HISTORY: This is an exceptionally well-preserved example of a 1950s War Room, a specialised type of building designed to protect its occupants from the effects of nuclear attack and which relates to a major defining characteristic of the Cold War period of 1945-89. During much of the 20th century the possibility of the breakdown of central government control was a constant concern, prompted first by revolutions on the continent, later by industrial strikes at home and finally the spectre of total war through air attack. To counter these threats, the country was divided from the 1920s into 12 Home Defence Regions, each to be controlled by a Regional Commissioner in case of emergency. Initially these regions were to be run from existing government offices, or improvised shelters in basements. However, in the early 1950s, each of the Regional Commissioners was provided with a War Room, in an attempt to protect them and their staff (of around 50), from an attack on the country with atomic bombs. Of the 12 bunkers built, the examples at Brislington in Bristol and Mill Hill are the best preserved, the Mill Hill example being the sole survivor of four which originally served London. The surviving components include steel exterior doors, a ventilation system complete with plant and exterior flues and baffles and generator plant.

These War Rooms - bunkers designed to counter the effects of nuclear weapons - represented a new type of architecture in Britain. Their form, with a central operations room surrounded by control cabins, supported by communications rooms, air conditioning plant and emergency generators, was designed for this one purpose. They provide a direct visual relationship to the fear of nuclear annihilation of civilian populations that characterised much of the Cold War period. They are also significant in a national context for their linkage to the built infrastructure - ranging from USAAF bases, Rotor radar bunkers and missile bases - established during the first phase of the Cold War, resulting from the detonation of the Soviet atom bomb in 1949, the Korean War and the worsening situation in eastern Europe.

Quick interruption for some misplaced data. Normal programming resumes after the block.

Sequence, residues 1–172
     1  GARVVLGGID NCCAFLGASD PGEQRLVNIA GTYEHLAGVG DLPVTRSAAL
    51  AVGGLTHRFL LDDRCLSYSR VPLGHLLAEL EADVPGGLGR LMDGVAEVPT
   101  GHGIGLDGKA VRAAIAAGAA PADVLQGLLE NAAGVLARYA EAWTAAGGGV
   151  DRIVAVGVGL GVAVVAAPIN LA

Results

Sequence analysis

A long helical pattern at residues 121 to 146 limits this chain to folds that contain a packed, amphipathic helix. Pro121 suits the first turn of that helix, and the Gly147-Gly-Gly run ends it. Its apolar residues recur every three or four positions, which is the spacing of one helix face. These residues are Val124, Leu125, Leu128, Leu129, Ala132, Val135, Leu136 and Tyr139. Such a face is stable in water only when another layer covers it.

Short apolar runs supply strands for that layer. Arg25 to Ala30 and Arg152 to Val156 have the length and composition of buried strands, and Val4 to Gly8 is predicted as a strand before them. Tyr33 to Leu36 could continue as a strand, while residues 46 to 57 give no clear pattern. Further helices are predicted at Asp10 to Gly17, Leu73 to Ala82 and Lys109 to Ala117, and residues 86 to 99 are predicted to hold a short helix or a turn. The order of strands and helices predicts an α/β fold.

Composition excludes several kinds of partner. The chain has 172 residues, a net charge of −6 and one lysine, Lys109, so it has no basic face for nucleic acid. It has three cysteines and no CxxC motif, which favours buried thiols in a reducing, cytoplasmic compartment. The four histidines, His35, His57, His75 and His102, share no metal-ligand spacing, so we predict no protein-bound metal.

The contents of this record have been generated from a legacy data system.

Legacy System number:
Legacy System:


This building is listed under the Planning (Listed Buildings and Conservation Areas) Act 1990 as amended for its special architectural or historic interest.

End of official listing

Your Contributions

Do you know more about this entry?

The following information has been contributed by users volunteering for our Enriching The List project. For small corrections to the List Entry please see our Minor Amendments procedure.

The information and images below are the opinion of the contributor, are not part of the official entry and do not represent the official position of Historic England. We have not checked that the contributions below are factually accurate. Please see our terms and conditions. If you wish to report an issue with a contribution or have a question please email [email protected].